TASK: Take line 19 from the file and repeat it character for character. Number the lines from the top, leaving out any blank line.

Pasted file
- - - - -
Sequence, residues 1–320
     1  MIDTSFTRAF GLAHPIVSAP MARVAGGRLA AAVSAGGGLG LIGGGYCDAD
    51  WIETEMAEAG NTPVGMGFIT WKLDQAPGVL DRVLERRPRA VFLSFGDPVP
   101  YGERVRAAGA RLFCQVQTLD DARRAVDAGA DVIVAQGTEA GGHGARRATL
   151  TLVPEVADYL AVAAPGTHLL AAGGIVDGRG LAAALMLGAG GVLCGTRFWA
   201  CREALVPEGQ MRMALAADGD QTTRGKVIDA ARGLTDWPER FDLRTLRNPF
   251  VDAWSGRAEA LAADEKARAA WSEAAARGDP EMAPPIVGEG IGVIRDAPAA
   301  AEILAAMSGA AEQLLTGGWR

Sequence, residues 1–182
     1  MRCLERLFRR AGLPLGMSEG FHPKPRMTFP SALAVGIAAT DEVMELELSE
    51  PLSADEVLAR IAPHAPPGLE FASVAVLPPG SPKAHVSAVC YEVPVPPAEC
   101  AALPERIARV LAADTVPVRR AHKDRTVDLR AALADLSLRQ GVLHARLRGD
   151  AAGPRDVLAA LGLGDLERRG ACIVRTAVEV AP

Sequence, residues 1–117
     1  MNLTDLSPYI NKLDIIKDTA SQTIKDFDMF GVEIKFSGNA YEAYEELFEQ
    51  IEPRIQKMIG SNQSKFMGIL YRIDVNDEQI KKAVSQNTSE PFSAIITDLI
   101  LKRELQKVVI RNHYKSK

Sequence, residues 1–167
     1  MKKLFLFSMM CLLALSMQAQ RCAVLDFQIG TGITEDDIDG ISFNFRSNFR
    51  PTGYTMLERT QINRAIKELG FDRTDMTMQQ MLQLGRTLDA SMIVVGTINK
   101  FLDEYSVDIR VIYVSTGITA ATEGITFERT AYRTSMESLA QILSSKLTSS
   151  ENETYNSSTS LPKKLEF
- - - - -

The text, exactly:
     1  MKKLFLFSMM CLLALSMQAQ RCAVLDFQIG TGITEDDIDG ISFNFRSNFR